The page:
This chapter focuses on two case studies in which lecturers aimed to use assessment as a pedagogic technique to foster learner autonomy. Analysis of the student viewpoint is used to highlight some of the issues that surround the use of assessment to develop autonomy as an outcome, particularly in the context of increasing student diversity. Formative and summative self-evaluation activities, and the closely related activity of peer-assessment or reciprocal peer feedback situations, are becoming increasingly common in higher education (Brown et al., 1997; Segers et al., 2003). Often this is because they are considered to be valuable activities that develop students’ abilities to become realistic judges of their own performance, enabling them to monitor their own learning effectively, rather than relying on their teachers to fulfil this role for them. As such, they are commonly regarded as important tools for learning, frequently linked to the notion of promoting, practising and developing autonomy (Boud, 1995; Hinett and Thomas, 1999; Knight and Yorke, 2003).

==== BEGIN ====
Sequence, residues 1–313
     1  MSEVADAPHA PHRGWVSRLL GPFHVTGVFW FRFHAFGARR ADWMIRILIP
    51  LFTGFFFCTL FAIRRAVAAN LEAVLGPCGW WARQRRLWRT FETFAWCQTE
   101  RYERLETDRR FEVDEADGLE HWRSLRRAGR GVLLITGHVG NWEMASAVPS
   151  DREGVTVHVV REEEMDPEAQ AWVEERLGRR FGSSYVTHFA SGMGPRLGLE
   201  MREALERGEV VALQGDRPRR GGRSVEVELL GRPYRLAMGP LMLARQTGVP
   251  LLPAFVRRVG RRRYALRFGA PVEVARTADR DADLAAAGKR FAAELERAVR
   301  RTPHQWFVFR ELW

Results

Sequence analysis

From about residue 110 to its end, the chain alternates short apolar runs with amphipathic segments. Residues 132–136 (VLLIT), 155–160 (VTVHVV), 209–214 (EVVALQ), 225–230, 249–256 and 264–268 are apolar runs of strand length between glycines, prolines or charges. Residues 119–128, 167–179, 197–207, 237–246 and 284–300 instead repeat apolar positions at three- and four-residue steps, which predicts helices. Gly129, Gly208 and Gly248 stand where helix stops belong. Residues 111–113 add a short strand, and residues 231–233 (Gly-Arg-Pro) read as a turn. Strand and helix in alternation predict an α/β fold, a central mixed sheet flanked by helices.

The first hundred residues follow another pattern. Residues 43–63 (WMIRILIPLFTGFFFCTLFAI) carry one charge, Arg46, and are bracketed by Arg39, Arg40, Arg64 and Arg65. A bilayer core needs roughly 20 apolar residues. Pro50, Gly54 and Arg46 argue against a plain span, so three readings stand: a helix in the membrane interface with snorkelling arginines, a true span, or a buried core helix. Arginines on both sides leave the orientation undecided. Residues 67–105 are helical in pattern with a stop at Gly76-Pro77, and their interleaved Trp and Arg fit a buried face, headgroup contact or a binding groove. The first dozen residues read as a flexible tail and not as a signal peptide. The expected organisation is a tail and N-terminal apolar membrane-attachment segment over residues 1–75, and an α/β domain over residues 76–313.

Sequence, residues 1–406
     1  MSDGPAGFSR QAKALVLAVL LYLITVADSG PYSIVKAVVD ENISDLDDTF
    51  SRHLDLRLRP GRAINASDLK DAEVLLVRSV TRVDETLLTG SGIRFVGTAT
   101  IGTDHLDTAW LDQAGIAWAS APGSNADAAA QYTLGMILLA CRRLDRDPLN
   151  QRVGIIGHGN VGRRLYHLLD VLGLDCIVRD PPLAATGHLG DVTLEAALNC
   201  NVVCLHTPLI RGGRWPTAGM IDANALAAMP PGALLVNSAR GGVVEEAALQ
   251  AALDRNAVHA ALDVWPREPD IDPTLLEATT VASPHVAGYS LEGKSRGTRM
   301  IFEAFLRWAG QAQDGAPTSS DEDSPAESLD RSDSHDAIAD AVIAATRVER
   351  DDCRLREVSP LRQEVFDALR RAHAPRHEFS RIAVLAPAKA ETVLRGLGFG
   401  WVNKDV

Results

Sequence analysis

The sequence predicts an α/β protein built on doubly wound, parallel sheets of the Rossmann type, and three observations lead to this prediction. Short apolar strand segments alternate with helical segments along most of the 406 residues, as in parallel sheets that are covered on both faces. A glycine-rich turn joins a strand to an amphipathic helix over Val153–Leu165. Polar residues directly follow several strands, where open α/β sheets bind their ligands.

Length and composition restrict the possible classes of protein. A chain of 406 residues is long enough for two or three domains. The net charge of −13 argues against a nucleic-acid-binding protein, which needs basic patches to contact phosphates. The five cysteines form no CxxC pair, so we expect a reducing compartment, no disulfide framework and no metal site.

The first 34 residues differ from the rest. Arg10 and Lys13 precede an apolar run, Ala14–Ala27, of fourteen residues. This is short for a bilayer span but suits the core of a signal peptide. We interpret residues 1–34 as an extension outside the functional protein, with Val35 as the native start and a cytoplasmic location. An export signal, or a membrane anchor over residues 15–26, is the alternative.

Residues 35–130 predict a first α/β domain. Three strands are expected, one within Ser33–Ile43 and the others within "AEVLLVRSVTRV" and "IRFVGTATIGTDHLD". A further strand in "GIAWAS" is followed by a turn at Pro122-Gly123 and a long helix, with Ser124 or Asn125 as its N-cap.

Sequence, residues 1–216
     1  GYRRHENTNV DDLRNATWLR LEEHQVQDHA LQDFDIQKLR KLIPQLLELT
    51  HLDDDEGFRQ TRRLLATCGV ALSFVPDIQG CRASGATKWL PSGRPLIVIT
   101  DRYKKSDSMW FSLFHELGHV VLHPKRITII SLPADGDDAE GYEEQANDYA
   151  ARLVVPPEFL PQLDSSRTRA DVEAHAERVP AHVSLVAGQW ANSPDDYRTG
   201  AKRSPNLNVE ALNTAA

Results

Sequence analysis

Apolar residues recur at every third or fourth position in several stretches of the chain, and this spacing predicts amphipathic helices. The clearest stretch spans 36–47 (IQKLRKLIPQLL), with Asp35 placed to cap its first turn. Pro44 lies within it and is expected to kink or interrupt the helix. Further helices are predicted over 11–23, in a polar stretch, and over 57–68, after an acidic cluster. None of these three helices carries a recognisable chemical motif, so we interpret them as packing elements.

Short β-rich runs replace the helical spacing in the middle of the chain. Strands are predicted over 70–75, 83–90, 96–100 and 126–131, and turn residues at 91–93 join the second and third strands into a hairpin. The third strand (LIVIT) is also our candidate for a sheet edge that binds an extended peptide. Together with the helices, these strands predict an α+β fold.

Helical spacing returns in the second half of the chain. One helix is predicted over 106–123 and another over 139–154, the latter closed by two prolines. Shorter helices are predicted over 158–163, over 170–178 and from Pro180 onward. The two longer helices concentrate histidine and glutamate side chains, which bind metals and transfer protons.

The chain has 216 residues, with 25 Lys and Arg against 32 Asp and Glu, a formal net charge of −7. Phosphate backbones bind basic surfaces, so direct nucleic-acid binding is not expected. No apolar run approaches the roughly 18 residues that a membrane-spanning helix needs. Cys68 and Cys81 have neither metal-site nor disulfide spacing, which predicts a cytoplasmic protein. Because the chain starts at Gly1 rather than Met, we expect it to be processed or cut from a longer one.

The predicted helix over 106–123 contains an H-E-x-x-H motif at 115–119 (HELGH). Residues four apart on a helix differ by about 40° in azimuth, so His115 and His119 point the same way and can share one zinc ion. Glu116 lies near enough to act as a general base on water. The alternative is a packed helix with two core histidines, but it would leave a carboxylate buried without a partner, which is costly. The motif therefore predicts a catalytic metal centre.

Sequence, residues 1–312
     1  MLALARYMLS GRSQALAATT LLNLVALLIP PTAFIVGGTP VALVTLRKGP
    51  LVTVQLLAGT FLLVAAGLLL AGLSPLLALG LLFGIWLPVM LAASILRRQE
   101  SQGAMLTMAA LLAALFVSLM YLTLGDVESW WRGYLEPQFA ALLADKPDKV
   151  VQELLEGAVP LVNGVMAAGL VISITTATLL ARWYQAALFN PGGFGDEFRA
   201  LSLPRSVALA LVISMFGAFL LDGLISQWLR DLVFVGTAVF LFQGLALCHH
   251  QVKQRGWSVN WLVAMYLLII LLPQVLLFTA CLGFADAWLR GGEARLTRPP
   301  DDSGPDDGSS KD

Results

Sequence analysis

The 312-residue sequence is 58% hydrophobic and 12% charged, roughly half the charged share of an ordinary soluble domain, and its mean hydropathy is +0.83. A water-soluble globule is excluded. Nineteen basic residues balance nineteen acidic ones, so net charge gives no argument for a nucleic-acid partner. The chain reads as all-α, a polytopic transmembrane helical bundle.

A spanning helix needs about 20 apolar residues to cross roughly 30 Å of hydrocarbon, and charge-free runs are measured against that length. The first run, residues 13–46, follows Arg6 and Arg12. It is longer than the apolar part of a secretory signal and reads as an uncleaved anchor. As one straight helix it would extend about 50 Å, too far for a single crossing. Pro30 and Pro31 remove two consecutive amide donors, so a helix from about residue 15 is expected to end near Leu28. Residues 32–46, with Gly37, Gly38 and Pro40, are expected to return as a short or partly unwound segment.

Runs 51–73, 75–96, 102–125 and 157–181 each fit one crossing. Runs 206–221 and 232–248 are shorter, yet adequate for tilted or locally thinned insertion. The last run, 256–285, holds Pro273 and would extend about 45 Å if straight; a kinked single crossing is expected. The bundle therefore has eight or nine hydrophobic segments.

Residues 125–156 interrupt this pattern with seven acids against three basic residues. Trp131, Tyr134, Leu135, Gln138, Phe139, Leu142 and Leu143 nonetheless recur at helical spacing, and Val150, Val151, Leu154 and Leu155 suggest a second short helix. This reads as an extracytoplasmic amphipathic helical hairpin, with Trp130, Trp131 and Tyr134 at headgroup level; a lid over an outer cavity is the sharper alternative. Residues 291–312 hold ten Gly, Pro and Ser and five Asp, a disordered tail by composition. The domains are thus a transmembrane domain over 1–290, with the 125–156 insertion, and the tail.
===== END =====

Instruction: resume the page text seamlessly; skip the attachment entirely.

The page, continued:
|Title of host publication||Innovative Assessment in Higher Education|
|Editors||Cordelia Bryan, Karen Clegg|
|Place of Publication||London|
|Publisher||Taylor & Francis|
|Number of pages||233|
|Publication status||Published - 2006|